For video game developers, this means two things. On the one hand, it is an opportunity to introduce a non-gaming audience to their products and expand the user base. On the other hand, they might want to make their games more convenient for such activities, as more companies will be on the lookout for entering this space.

VR and the Interfacing Revolution
Virtual reality has had a massive effect on video games in recent years, offering an unprecedented level of immersion. However, it has also introduced a new challenge – that of controls. VR headset manufacturers have come up with several inventive devices that would feel convenient and functional. However, for developers, this means they now need to optimize their product for specific hardware.

One possible solution is the brain-computer interface – essentially the technology for controlling the software with thoughts. The advantages of this method are evident – instead of trying to find the right button without seeing the controller, you can direct your actions without making any physical movement at all. While the technology is still in its infancy, the talks about integrating the BCI with gaming have been ongoing for quite a while now. Yet, we might be on the verge of the breakthrough as shown by Awakening – a VR game by Neurable, in which you play as a child with superhuman abilities using your mind to interact with the environment.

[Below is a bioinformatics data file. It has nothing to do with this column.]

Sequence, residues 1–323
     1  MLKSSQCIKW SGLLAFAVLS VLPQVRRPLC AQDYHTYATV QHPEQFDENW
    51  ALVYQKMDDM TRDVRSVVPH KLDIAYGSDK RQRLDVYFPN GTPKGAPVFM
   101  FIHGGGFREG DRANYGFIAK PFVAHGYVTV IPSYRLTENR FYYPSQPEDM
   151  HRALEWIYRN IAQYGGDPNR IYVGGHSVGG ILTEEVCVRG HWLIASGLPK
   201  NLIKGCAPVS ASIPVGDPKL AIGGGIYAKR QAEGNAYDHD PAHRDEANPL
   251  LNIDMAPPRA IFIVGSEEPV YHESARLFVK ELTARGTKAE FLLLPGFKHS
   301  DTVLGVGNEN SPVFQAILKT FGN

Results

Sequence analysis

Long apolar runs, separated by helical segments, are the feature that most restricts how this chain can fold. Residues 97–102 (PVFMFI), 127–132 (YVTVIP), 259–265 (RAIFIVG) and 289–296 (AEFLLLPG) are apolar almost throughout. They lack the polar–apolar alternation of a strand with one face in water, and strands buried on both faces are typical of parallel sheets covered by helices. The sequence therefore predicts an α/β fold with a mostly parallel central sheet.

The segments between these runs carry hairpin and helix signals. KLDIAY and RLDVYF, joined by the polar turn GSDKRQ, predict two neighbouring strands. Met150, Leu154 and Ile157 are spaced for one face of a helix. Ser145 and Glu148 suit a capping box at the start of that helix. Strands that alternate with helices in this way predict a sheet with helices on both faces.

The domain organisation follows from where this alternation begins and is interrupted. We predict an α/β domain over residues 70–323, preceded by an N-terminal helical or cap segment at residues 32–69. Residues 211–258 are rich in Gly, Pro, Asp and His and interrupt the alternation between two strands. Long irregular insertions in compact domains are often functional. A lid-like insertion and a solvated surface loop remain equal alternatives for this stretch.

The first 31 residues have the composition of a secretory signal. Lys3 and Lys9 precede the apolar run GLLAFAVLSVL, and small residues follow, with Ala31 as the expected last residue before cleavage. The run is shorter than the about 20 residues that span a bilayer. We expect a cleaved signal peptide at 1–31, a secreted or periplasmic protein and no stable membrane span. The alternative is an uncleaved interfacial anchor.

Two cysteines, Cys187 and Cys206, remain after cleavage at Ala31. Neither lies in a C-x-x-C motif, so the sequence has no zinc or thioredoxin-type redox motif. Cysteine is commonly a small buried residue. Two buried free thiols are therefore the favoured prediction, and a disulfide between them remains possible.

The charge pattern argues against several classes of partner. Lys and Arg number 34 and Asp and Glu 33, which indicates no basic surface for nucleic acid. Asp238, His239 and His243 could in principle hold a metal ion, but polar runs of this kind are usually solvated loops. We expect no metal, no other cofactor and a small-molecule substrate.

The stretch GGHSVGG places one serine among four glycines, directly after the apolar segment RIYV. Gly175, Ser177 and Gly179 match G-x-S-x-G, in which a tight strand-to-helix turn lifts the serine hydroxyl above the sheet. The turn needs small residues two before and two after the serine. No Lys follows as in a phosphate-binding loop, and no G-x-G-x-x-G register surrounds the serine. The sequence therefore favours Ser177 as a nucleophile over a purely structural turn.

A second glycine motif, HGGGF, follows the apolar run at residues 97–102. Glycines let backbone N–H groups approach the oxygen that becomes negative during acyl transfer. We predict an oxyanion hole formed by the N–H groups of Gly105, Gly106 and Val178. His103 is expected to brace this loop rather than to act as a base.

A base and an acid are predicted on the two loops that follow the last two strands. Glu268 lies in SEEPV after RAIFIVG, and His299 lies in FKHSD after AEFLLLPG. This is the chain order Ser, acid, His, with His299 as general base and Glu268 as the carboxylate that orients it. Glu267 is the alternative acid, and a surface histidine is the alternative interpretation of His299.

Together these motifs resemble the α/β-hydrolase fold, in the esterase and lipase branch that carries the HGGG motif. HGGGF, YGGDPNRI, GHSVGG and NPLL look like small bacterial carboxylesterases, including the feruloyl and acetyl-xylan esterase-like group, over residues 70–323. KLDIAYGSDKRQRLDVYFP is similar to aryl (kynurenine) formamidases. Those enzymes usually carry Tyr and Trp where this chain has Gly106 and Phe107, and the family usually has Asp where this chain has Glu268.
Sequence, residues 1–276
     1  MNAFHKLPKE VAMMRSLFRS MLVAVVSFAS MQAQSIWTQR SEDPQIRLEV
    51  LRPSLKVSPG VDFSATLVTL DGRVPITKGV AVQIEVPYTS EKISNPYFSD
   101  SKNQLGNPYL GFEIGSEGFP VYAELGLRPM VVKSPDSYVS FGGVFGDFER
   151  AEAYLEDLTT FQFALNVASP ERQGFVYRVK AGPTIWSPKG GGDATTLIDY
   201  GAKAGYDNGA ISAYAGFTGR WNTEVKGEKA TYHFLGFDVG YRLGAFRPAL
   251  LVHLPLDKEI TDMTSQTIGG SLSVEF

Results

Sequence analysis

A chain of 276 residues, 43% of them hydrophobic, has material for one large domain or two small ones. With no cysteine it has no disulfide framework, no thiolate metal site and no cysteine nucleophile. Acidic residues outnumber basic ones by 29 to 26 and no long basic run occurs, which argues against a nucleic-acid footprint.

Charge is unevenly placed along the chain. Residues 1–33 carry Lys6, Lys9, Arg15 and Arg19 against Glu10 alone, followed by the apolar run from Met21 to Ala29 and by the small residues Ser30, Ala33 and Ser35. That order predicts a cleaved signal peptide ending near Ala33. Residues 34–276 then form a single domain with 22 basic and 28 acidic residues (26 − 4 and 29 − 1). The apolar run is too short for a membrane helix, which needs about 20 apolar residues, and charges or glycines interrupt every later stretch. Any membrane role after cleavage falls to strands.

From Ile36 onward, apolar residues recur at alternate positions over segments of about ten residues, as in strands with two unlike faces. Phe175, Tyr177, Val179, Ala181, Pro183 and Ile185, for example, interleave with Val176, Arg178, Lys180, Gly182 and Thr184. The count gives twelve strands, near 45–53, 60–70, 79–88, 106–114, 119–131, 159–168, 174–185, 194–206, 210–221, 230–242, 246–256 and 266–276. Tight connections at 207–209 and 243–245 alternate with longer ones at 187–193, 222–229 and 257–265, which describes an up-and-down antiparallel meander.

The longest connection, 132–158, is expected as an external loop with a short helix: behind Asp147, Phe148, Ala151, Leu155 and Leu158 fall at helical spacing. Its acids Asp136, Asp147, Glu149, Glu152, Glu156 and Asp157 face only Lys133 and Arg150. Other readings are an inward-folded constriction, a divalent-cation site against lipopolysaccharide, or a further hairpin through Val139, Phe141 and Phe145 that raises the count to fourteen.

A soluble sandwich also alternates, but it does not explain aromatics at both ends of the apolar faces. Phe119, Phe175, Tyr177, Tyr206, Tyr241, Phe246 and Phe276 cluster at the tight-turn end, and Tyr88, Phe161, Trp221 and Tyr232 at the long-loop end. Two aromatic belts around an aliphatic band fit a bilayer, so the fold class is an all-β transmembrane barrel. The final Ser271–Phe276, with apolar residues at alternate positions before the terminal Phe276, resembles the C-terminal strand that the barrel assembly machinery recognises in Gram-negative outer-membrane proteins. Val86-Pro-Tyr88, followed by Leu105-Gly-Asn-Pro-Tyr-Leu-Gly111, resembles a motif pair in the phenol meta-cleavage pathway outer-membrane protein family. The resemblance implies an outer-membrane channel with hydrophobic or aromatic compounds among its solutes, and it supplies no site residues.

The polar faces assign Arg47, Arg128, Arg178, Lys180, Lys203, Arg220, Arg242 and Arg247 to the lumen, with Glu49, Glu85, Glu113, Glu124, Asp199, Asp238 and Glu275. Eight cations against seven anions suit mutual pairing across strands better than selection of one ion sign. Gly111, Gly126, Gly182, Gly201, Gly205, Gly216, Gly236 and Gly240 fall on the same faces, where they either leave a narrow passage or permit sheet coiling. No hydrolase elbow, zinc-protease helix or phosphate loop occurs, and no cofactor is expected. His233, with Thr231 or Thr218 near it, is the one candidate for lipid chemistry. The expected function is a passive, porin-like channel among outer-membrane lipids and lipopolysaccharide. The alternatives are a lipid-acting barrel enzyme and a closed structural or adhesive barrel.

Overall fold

Admittedly, there are many rough edges to address, the lack of precision being among the most notable ones. Still, with BCI penetrating the domain of commercial products, this is something a forward-thinking virtual reality games development company might want to look into.

Inclusion-Oriented Mindset
One of the most prominent gaming events of 2020, the release of the much-awaited The Last of Us 2, was marred by controversy due to its representation of queer characters. Interestingly, the move itself was neither new nor particularly offensive. However, it does indicate that there are still enough people out there with a skewed perspective on what a video game character is allowed to look like.

In fact, this has more to do with underlying social issues than video games themselves. Yet, if we have learned anything from 2020, a lesson on toxicity and polarization should be among the takeaways. Video games are becoming an important part of our cultural landscape, which means greater responsibility for developers. In this light, addressing the issue of fanbase toxicity will join an already sizeable list of game development challenges.

Wrapping Up

Video games continue permeating the cultural and social landscape around the globe. The 2020 lockdown has boosted an already strong trend of non-gaming audiences exploring the potential of the industry. At the same time, some jarring issues have emerged that require urgent attention. Thus, it makes sense for video game developers to use these trends as the guidance to come up with forward-thinking solutions that capture new audiences and increase revenues.

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Four Trends to Shape the Game Development Industry in 2021